The invention encompasses the discovery that certain classes of compositions are very effective for the reduction of NOx gas emissions in FCC processes. The NOx reduction compositions of the invention are characterized in that they comprise a component containing (i) an acidic oxide support, (ii) an alkali metal and/or alkaline earth metal or mixtures thereof, (iii) a transition metal oxide having oxygen storage capability, and (iv) a transition metal selected from Groups Ib and/or IIb of the Periodic Table.

The acidic oxide support should be of sufficient acidity for the composition to act as an effective NOx reduction additive. The support preferably contains acidic silanol or bridged hydroxyl groups. These acid groups are preferably characterized by NMR shifts in the region of −90 to −100 ppm compared to a TMS (trimethyl silane) standard. The support may be crystalline or amorphous. Preferably, the acidic oxide support contains at least some alumina. More preferably, the oxide support contains at least 50 wt. % alumina. The oxide support is preferably an oxide selected from the group consisting of alumina, silica alumina, and lanthana alumina. Amorphous silica aluminas are most preferred. Where an amorphous silica alumina support is used, the support preferably has an alumina to silica molar ratio of about 3-50:1.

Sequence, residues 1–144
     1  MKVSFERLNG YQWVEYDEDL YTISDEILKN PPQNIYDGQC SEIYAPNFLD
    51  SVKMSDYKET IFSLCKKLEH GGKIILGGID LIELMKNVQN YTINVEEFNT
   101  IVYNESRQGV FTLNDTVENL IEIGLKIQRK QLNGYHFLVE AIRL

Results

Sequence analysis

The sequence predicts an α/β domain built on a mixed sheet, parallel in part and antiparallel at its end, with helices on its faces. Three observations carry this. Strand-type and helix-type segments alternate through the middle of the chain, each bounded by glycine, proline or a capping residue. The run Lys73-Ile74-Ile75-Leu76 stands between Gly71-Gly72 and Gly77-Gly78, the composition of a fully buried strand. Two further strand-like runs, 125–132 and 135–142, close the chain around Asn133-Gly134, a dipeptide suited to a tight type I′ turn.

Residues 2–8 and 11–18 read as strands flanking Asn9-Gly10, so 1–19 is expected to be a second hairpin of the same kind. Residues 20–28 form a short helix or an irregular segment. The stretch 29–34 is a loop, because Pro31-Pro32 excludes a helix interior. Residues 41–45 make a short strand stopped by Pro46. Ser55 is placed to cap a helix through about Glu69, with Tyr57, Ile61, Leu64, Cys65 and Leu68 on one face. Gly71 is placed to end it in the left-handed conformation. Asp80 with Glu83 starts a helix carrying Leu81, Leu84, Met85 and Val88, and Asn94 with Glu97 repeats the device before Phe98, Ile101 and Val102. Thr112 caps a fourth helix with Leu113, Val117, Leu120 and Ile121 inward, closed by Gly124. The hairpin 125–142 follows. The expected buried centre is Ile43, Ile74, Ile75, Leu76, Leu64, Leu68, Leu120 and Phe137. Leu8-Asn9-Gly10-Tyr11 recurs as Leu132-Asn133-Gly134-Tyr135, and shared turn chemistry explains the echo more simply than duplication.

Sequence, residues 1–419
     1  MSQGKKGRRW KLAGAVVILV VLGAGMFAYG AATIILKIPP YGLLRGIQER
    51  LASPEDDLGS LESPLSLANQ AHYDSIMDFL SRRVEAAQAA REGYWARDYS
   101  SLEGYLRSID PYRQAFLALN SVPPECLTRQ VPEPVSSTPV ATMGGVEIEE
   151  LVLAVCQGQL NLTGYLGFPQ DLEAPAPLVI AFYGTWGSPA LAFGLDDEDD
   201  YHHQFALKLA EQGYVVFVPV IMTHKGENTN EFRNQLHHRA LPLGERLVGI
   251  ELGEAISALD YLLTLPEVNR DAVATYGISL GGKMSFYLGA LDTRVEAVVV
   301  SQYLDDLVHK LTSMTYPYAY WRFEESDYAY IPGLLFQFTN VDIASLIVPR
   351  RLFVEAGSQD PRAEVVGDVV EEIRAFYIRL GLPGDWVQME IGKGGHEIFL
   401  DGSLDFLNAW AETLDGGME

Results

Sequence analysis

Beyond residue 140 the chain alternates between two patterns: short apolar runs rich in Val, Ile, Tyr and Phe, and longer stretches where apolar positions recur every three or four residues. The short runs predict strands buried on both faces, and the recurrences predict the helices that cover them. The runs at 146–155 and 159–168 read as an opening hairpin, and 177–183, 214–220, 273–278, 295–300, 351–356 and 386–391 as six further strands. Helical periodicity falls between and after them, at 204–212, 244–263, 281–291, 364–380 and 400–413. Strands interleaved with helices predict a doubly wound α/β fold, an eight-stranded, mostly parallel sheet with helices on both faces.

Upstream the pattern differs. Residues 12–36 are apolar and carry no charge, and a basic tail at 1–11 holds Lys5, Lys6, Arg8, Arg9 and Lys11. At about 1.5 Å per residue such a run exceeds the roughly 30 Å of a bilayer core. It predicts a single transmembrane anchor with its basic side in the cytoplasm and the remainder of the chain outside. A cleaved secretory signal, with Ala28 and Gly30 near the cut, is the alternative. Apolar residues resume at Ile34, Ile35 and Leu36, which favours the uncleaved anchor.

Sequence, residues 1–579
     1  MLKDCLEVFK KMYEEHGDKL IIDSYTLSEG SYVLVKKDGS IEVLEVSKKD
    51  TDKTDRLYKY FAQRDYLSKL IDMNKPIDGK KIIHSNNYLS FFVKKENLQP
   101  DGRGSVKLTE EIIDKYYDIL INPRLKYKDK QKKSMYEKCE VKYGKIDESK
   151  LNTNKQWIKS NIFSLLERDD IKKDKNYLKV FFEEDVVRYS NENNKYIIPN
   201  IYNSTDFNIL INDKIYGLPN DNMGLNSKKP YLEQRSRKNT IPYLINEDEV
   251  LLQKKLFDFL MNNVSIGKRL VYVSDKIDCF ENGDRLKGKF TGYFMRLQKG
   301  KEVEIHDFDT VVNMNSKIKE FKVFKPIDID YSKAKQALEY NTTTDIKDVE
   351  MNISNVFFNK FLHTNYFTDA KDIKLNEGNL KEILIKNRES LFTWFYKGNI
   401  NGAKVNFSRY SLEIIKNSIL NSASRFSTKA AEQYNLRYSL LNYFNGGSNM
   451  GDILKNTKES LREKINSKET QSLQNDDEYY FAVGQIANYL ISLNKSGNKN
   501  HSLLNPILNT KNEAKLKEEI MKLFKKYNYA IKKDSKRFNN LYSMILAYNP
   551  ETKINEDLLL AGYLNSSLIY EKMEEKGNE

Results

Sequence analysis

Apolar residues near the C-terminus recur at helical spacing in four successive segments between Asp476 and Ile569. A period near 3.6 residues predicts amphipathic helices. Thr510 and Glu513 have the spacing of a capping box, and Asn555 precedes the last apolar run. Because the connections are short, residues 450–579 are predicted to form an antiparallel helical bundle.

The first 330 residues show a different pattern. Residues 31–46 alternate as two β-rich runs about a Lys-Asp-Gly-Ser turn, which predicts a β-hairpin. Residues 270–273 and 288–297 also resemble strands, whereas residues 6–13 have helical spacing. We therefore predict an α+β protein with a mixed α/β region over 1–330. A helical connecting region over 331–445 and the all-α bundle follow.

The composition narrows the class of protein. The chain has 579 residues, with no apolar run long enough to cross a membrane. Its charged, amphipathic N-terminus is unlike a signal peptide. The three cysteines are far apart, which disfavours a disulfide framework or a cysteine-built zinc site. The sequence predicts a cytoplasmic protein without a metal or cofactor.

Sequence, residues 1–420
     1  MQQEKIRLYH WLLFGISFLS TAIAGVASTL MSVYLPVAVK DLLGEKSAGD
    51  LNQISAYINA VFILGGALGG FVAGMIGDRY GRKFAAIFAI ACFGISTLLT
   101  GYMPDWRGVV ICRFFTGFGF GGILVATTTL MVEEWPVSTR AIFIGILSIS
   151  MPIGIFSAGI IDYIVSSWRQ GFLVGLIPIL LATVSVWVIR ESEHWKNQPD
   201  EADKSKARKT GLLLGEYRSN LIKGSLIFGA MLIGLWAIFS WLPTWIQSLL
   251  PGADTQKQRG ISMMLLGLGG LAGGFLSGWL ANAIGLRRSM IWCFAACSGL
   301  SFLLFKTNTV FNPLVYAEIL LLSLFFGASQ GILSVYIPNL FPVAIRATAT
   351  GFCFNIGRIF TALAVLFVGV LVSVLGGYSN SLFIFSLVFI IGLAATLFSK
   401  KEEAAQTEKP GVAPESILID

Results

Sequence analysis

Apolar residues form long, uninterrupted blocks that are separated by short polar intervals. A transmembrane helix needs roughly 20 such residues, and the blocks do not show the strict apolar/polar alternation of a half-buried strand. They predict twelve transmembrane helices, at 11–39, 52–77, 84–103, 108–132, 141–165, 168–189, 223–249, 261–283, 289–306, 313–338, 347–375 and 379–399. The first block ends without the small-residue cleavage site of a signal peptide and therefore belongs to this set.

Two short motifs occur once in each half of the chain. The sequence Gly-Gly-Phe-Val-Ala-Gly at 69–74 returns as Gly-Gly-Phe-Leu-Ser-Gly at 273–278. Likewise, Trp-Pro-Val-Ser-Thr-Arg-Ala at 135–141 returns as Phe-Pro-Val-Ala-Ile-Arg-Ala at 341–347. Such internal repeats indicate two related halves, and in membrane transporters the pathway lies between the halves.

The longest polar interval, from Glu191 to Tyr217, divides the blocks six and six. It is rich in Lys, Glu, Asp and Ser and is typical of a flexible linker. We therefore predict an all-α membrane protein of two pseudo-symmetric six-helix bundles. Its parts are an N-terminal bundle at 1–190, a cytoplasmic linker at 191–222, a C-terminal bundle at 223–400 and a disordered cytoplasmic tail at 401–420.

The acidic oxide support further preferably has sufficient surface area to promote the NOx reduction process. Preferably, the oxide support has a surface area of at least 50 m2/g, more preferably about 70-200 m2/g.